Notes in the margin: Super Ted

The not-for-profit foundation dedicated to "ideas worth spreading".

Where can you find Morgan Spurlock talking about product placement, Bill Gates addressing the problems of state schools and David Byrne opining on architecture and music? At Ted Talks, that's where.

It's a stealth success: from its original 1984 conference on technology, entertainment and design, Ted has turned into an international hydra dedicated to the spread of (mostly) good ideas. Each speaker gets up to 18 minutes to deliver a lecture on a subject of their choosing, accompanied by props, visualisations, slides and, occasionally, live music.

The Ted empire now includes the Ted conference (held every spring in Long Beach), Ted Global (its sister event in Europe, held this year from 12-15 July in Edinburgh), Ted Women and Ted India. Then there are Ted fellows, who are given funds to do everything from spreading slam poetry to "growing" clothing from bacteria.

Perhaps most excitingly, there are now Tedx events, where any local organiser can apply for a (free) licence to hold an evening of talks under the organisation's banner. There have been 1,500 of these around the world in the past two years, including several dozen in the UK. There are some coming up: on 4 June in Oxford, on 7 July in York and 17 September in Bristol. See for details.

If you asked me to name my favourite Ted speech, I'd be torn. The first contender is Steven Johnson: in his 2010 talk “Where Do Good Ideas Come From?" (, the American author elegantly lays out his thesis that the English coffee house was crucial to the intellectual flowering of the Enlightenment. "Before the spread of coffee and tea, both elite and mass folks drank alcohol," he says. "You had an entire population that was drunk all day."

But, in the end, I would always pick the gerontologist Aubrey de Grey. It's not just his ZZ Top beard, his 90 miles-per-hour delivery or even his assertion that the first person to live to 1,000 has already been born. No, it's the moment when a rotund man in the audience asks whether he could live past 100, as the gerontologist predicts. "If you lose a bit of weight," de Grey shoots back, totally without malice.

Helen Lewis is deputy editor of the New Statesman. She has presented BBC Radio 4’s Week in Westminster and is a regular panellist on BBC1’s Sunday Politics.

This article first appeared in the 23 May 2011 issue of the New Statesman, Obama 2.0

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Lord Geoffrey Howe dies, age 88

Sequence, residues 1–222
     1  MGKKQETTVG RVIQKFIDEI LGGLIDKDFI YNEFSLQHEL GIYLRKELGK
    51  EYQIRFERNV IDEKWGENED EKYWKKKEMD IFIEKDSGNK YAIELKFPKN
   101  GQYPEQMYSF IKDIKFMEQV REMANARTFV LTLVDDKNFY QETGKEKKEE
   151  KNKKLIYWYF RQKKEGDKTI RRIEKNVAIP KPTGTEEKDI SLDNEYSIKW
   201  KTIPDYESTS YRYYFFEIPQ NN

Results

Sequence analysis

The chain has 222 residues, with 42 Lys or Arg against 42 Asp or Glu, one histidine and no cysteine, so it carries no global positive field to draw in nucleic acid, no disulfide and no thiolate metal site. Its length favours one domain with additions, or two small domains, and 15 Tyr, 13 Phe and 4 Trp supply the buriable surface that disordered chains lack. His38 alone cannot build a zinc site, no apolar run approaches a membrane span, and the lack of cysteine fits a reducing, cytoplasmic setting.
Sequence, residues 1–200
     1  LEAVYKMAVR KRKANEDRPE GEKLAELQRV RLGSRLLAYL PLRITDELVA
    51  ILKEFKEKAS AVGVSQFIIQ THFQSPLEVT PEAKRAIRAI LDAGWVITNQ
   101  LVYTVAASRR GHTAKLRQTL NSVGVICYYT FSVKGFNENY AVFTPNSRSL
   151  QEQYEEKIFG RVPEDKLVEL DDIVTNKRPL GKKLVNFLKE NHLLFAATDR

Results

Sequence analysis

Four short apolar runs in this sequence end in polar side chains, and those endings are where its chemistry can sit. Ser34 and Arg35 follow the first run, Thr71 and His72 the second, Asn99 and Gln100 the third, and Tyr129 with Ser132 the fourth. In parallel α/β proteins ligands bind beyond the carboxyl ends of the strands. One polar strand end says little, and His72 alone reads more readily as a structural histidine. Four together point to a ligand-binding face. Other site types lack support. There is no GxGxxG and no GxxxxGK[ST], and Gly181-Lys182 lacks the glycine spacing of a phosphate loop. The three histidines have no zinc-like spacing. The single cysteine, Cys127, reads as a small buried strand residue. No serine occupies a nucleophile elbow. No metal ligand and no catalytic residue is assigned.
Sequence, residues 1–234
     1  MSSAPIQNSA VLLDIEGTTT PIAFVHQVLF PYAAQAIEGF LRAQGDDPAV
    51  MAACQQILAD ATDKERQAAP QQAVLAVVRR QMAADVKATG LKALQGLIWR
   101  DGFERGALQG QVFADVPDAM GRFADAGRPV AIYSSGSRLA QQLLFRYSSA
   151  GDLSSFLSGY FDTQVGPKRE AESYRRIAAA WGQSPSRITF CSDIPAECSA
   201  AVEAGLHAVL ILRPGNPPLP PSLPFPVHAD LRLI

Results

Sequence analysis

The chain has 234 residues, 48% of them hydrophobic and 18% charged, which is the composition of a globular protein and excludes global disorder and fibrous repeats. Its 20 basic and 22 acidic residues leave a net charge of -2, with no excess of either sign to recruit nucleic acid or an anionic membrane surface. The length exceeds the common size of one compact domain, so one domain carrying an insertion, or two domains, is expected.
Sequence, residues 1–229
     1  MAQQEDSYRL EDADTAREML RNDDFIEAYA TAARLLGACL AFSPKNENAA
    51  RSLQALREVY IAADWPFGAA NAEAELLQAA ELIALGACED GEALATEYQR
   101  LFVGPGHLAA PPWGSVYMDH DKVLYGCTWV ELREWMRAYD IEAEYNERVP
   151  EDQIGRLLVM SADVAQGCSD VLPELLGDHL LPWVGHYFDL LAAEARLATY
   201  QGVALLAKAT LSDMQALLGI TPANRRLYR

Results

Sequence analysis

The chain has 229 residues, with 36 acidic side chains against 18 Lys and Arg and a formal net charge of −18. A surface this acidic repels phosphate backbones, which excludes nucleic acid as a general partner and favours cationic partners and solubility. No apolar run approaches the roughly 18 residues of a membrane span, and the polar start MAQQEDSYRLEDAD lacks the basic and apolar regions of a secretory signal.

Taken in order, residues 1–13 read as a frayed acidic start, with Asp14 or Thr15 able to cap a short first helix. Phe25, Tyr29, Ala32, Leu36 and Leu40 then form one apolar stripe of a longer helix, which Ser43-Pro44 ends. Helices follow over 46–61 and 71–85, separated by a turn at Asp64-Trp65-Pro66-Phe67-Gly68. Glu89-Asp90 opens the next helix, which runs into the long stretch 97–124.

Howe was Margaret Thatcher's longest serving Cabinet minister – and the man credited with precipitating her downfall.

The former Conservative chancellor Lord Howe, a key figure in the Thatcher government, has died of a suspected heart attack, his family has said. He was 88.

Geoffrey Howe was the longest-serving member of Margaret Thatcher's Cabinet, playing a key role in both her government and her downfall. Born in Port Talbot in 1926, he began his career as a lawyer, and was first elected to parliament in 1964, but lost his seat just 18 months later.

Returning as MP for Reigate in the Conservative election victory of 1970, he served in the government of Edward Heath, first as Solicitor General for England & Wales, then as a Minister of State for Trade. When Margaret Thatcher became opposition leader in 1975, she named Howe as her shadow chancellor.

He retained this brief when the party returned to government in 1979. In the controversial budget of 1981, he outlined a radical monetarist programme, abandoning then-mainstream economic thinking by attempting to rapidly tackle the deficit at a time of recession and unemployment. Following the 1983 election, he was appointed as foreign secretary, in which post he negotiated the return of Hong Kong to China.

In 1989, Thatcher demoted Howe to the position of leader of the house and deputy prime minister. And on 1 November 1990, following disagreements over Britain's relationship with Europe, he resigned from the Cabinet altogether. 

Twelve days later, in a powerful speech explaining his resignation, he attacked the prime minister's attitude to Brussels, and called on his former colleagues to "consider their own response to the tragic conflict of loyalties with which I have myself wrestled for perhaps too long".

Labour Chancellor Denis Healey once described an attack from Howe as "like being savaged by a dead sheep" - but his resignation speech is widely credited for triggering the process that led to Thatcher's downfall. Nine days later, her premiership was over.

Howe retired from the Commons in 1992, and was made a life peer as Baron Howe of Aberavon. He later said that his resignation speech "was not intended as a challenge, it was intended as a way of summarising the importance of Europe". 

Nonetheless, he added: "I am sure that, without [Thatcher's] resignation, we would not have won the 1992 election... If there had been a Labour government from 1992 onwards, New Labour would never have been born."

Jonn Elledge is the editor of the New Statesman's sister site CityMetric. He is on Twitter, far too much, as @JonnElledge.